A British Columbian Chilliwack woman has unique way of dealing with handicap spot abusers

When Glenda Standeven sees a car parked in a handicap space without a proper sign, she doesn’t cause a ruckus or wait for the culprit to come back so she can yell at them.

Instead, she writes a note.

Crackdown on able-bodied drivers using disabled spots in B.C.
“Oops! You forgot to hang up your handicapped sign. I’m sure you’re not one of those rude, thoughtless, insensitive people who use these spots just for their own convenience,” reads the sign.

“This is a just a friendly reminder to hang your sign next time. From one disabled person to another.”

Standeven, who lost her right leg to cancer nearly three decades ago, says it’s a much better way of dealing with an all-too common problem.

“It’s more of a gentle approach. I think that’s one of the things that appeals to people. It’s not so aggressive, and it’s not returning rudeness for rudeness.”

In 2013, Vancouver issued 214 disabled parking violation tickets, while Surrey issued 254. While disputes over handicap spots flare up from time to time in every city, Jane Dyson of Disability Alliance BC says it’s not an issue that can be easily addressed.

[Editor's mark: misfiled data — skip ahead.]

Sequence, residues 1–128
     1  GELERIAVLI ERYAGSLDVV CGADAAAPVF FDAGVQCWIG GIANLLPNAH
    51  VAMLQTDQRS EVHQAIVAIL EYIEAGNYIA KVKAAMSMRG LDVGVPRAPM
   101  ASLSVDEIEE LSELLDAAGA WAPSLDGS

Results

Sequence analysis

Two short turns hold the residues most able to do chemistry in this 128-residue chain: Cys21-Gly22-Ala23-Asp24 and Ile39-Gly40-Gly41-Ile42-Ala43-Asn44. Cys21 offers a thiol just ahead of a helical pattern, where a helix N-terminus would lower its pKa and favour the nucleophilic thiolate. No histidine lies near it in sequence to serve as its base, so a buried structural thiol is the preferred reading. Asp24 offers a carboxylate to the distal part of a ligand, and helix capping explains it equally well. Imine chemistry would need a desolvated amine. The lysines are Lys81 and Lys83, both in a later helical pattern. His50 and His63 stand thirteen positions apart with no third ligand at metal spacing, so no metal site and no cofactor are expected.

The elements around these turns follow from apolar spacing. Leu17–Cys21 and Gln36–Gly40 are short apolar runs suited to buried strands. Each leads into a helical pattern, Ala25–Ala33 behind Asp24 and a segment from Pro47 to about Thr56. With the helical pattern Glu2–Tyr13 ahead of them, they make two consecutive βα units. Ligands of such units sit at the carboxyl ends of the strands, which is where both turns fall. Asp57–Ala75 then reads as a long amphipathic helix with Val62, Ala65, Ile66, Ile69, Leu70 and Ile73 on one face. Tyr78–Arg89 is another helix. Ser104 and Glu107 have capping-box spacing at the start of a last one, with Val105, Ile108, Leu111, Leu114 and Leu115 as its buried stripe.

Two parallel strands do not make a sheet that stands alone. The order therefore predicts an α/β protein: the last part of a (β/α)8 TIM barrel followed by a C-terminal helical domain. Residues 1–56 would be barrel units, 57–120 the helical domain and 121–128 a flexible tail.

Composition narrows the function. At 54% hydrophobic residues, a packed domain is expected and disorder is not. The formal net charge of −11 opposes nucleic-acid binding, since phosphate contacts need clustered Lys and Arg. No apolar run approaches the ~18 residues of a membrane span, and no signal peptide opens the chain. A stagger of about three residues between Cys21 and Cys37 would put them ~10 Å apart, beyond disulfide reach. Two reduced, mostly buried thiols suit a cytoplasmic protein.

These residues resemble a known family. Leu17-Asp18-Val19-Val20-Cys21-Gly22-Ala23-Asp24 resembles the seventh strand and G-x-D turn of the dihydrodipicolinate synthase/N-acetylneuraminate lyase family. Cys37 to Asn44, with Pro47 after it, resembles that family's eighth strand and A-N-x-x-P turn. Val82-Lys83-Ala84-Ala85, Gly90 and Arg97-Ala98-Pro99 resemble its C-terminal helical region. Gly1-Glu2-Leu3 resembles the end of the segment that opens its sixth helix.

“Most of these disabled parking spots are actually in private lots. Really it’s up to the mall management or business management to enforce the parking rules. That can be challenging for them,” she says.

B.C.’s regulations around handicap parking spots lag behind other provinces in Canada, according to Lorraine Copas, Executive Director for SPARC BC. Ontario requires four handicap spaces for every 100 units in residential parking lots, while B.C. just requires one.

She’s hopeful the province begins making more changes to help a growing part of B.C.’s driving population.

“We’re hoping they’re going to start addressing these issues. We’re looking at doubling and tripling of the senior population, and those are the ones who do have health and mobility challenges,” she said

Author: disabledaccessdenied

I am a disabled woman who through no fault of my own has wheels under my ass. I rely on the decency and common sense of local, state and federal goverments, as well as the retail community to abide by the disabled access laws and provide adequate ramps, disabled toilets, and not use them as store rooms or broom closets. This blog exists to find the offenders and out them, inform them, and report them if necessary and shame them into doing the right thing when all else fails.

Leave a Reply

Fill in your details below or click an icon to log in:

WordPress.com Logo

You are commenting using your WordPress.com account. Log Out / Change )

Twitter picture

You are commenting using your Twitter account. Log Out / Change )

Facebook photo

You are commenting using your Facebook account. Log Out / Change )

Google+ photo

You are commenting using your Google+ account. Log Out / Change )

Connecting to %s